Part one is here
Despite having my heart broken by the Huskers losing to the Sooners in November of 1987, my devotion to the team only increased. This is the kind of Stockholm Syndrome that most sports fans are familiar with. I still remember watching a big game as an adult with a group of friends, and as our team started losing and the curses and oaths started flying, a friend who was there to socialize and not as a fan simply asked "Aren't you supposed to like this?" to which another friend replied "Pleasure has nothing to do with it."
Like Job, the next few years would test me. In 1988 Nebraska lost early in the season to UCLA, giving up 41 points in a game where I spent a lot of time throwing a novelty foam brick that my sister had just bought at the screen. (After this game she declared the brick to be bad luck.) With national title hopes out of the way, however, the Huskers managed to go undefeated for the rest of the season. The best moment came at the end, when Nebraska beat Oklahoma on the road in Norman. The rain poured down, turning the astroturf into a slip n slide. Both defenses dominated, but Nebraska pulled out a win in a brutal slugfest, 7-3. It wasn't pretty, but it was the visiting fans in red that got to throw the oranges this time.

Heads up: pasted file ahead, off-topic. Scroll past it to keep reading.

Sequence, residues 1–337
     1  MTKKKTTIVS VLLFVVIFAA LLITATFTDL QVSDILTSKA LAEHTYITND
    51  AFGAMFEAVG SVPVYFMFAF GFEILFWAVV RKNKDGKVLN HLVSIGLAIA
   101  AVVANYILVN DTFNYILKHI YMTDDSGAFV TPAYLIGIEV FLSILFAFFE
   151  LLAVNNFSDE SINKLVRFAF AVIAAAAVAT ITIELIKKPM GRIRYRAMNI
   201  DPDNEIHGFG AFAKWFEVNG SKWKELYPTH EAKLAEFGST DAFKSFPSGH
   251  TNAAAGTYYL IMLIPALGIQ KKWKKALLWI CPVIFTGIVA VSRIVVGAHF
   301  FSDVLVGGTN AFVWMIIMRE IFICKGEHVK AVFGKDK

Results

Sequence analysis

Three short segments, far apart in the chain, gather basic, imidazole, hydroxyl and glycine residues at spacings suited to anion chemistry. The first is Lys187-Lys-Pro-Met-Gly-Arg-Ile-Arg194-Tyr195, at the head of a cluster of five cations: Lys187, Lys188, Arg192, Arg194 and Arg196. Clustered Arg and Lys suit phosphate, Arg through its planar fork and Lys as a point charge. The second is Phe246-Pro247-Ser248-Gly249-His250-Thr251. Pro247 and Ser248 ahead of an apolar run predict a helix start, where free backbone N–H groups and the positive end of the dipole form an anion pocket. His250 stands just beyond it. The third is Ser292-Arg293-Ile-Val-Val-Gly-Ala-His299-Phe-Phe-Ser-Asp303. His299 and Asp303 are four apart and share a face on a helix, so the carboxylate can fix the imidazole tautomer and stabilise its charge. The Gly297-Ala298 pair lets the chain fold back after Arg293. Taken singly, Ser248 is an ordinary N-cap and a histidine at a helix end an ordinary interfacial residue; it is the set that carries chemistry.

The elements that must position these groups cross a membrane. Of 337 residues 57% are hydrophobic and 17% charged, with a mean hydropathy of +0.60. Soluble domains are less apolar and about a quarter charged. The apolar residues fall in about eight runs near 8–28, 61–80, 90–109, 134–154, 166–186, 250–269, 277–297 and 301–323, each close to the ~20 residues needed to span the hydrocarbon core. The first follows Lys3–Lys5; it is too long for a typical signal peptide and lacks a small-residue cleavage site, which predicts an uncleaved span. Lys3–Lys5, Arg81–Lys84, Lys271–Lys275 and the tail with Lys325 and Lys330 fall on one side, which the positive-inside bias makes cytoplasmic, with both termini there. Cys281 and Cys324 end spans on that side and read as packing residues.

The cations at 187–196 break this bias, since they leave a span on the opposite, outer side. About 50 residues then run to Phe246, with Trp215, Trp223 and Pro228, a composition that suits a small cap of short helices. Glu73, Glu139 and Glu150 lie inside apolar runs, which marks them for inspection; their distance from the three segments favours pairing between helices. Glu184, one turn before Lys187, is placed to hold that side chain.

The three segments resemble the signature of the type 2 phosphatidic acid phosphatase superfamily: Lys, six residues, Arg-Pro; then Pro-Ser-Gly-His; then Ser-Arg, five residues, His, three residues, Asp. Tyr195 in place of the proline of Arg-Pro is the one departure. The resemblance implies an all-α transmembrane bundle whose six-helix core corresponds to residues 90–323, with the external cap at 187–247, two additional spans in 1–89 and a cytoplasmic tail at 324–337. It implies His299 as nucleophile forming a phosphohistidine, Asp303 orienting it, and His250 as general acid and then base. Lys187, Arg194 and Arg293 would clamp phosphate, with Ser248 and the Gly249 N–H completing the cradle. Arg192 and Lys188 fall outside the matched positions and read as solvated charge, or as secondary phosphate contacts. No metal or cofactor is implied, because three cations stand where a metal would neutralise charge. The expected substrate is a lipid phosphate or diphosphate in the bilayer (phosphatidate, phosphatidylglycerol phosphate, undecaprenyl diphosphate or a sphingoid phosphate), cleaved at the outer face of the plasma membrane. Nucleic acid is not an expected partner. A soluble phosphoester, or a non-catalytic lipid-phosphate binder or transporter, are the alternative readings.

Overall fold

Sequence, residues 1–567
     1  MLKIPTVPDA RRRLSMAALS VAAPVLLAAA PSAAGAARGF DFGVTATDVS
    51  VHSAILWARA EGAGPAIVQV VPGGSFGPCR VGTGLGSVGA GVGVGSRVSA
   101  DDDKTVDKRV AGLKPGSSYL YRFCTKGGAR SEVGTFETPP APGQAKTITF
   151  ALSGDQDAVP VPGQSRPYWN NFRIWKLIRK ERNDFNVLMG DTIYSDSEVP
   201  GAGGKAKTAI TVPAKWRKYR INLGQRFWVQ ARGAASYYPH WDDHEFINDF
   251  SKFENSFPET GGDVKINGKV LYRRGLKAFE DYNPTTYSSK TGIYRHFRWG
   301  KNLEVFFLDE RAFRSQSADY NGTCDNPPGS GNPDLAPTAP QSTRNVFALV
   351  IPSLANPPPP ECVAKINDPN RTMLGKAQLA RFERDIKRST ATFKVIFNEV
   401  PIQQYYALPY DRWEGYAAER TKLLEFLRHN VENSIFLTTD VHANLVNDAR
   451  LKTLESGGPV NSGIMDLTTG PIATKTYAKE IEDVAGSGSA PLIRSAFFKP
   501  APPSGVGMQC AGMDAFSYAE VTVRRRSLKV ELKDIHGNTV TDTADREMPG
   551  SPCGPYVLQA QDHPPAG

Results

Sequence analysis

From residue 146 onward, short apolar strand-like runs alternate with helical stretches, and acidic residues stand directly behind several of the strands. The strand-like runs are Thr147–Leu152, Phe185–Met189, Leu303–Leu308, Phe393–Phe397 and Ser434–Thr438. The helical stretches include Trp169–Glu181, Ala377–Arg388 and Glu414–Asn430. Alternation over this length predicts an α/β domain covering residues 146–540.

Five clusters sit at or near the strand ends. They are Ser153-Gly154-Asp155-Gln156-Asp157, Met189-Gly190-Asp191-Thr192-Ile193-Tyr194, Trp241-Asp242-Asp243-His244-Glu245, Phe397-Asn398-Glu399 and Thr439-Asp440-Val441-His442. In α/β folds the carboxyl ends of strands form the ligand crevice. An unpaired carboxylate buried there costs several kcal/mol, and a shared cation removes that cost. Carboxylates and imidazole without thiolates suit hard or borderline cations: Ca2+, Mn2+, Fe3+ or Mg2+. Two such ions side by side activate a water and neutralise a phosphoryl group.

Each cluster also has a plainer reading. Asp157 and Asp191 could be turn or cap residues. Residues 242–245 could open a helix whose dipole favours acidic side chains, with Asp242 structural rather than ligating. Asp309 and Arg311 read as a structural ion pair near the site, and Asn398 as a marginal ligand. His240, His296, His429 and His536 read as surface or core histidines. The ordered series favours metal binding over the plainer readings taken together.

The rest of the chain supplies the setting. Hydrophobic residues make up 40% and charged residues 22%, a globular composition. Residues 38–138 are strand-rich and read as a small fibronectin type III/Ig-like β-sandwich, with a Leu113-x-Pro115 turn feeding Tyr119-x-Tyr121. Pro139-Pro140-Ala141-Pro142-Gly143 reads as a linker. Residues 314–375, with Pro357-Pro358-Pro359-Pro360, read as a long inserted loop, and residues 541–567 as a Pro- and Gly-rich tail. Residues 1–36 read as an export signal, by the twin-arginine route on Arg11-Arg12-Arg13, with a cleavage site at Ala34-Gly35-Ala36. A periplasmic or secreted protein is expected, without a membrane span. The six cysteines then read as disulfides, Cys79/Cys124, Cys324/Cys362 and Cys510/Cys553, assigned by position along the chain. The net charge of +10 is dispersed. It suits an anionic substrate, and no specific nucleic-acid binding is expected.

But then the Orange Bowl happened. Returning for the first time in five years, Nebraska had to play Miami again. The ghosts of the failed two point conversion haunted Huskerdom, and there was hope that the demons of Miami could be exorcised like those of Oklahoma. It was not to be. Miami won 23-3, but it might as well have been 63-3. They dominated the game, Nebraska never even threatened. This was the second bowl loss in a row, with five more to follow. This game was when the doubts began to be sowed in the minds of many a Husker fan. Was Osborne's running offense a relic of the past? Could Nebraska actually compete in recruiting with schools like Miami? Was the game passing Nebraska by?